Marketers are Internetained – And Interested

As the brands turn to influencers more and more, it’s important that the cooperation between the two sides remains beneficial for both parties. A recent study by Schlesinger Associates found that 84% of marketing professionals will launch at least one influencer marketing campaign in the next year, and 81% of marketers who had previously executed influencer marketing campaigns agreed influencer engagement is highly effective.

The way influencers earn money from these campaigns? They use a tool designed for that specific purpose.

Of course, it’s not that simple, but a tool called Social BlueBook can calculate the price you should charge if you’re an influencer, and it takes into consideration both the subscriber count and the average views per video so that you can name a fair price.


Fame Meant Ads, Ads Meant Fighting Ad Blockers

Another way for influencers to gain money is to simply put ads inside their videos and promote products, but that is getting extremely difficult with the dawn of advanced ad blocking software. As great as that is for the end user, it’s taking money right out of the Youtuber’s pockets, so they often need to resort to product placement, reviews, and Patreon.

Being the newest thing in YouTube and influencer marketing in general, Patreon is a great way to get paid, by simply accepting donations from your viewers. This way, your videos are crowdfunded, so you don’t have to put ads on them (but why wouldn’t you?), and you can focus more on the content you create. It’s also the most “democratic” way because the community funds you because you create content that they like.

Having multiple channels on YouTube allows you to create as much different content as you'd like

When it comes to other social media, it’s safe to say that the Youtubers that produce mainly video content are mostly followed on YouTube, with Facebook, Twitter and Instagram serving as a way to divert more traffic to their “main” channel, with sources claiming that sharing YouTube videos on Facebook helps you boost your YouTube views.

YouTube Without Ads? It Does Exist, And It’s Like Netflix

Aside from ads, YouTube is starting to get really successful with their YouTube Red platform, successfully eclipsing CBS All Access, Dish’s Sling TV, and Sony’s Playstation Vue platforms. This means that YouTube Red is outpacing every other pay-to-watch platform launched recently.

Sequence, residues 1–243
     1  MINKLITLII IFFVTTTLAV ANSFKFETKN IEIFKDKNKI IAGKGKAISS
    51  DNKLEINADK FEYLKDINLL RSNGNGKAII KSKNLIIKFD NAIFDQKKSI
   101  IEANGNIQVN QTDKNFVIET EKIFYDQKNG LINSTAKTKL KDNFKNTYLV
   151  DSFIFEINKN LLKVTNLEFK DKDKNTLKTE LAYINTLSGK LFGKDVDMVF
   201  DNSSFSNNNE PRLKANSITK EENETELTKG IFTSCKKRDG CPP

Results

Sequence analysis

YouTube Red is designed specifically to allow you to browse YouTube without ads on most platforms, such as Chromecast and Android TV. You can also download videos, and get access to a lot of original shows based mostly on the Youtubers and the things they produce.

Source: YouTube

This raises another interesting question, though: is YouTube Red a threat to independent Youtubers?

However, it’s not all great news for YouTube. With its immense popularity comes great responsibility, and YouTubers have seen their videos shape how the world looks at itself.

However, relying on YouTube doesn’t always mean financial stability.

BrokeTube: Fame Doesn’t Mean Financial Security

There’s also the disconnect between internet fame and finances. Simply said: followers and subscribers don’t guarantee money. For example, Jack Conte, a musician, at one point had around 4 million views per video but still struggled to earn more than $400 per video.


The second example is the one of Brittany Ashley, an actress made famous by Buzzfeed’s four YouTube channels, resulting in millions of views. The thing is, those views didn’t pay her bills, and she still had to wait tables to be able to live a normal life. 

Don’t Die On a Platform; Create Your Own

With the news of other platforms such as Medium layoffs and office shutdowns and Vine shutting down completely, could YouTube also face similar problems?

In short: probably not. You see, even though Medium and Vine are facing hardships, and it’s easy to find articles that note that YouTube “is dying”, it’s hard to see YouTube going away. What is more likely, is a refresh or a switch in the content that is being made and produced.

Being popular on YouTube doesn't mean that you'll be financially secure

It was exciting to vlog years ago because it was new, but now it’s pretty commonplace. Likewise, finding gaming streams used to be hard, and they’re everywhere now. It’s not that the platform has any danger of disappearing, but a shift in the way content is produced and published could happen.

Video-focused websites have become the hubs for their creators’ content, such as Smosh, a video-first platform from the creators of the Smosh YouTube channel.   

And it’s not just Smosh.


Next: How To Create Your Platform As a Rising Youtuber

Every financially successful YouTube star has a “home” on the web, from Smosh to PewDiePie. It’s where they aggregate the content related to them and sort them out under one big name – their brand name. These platforms, which we’ll go into more in upcoming articles, let creators stay financially independent while using the reach of billions of viewers that YouTube gives them.  

Part 2 of the “Internetainers” series on the .Me blog will go into the real life examples and strategies of how YouTubers are leveraging their own platforms in order to boost their long term success! 


Ivan Simic

A passionate gamer, experienced journalist, and a comedian in his free time. A lover of video games, humor and technology, always on the lookout for new trends and ideas.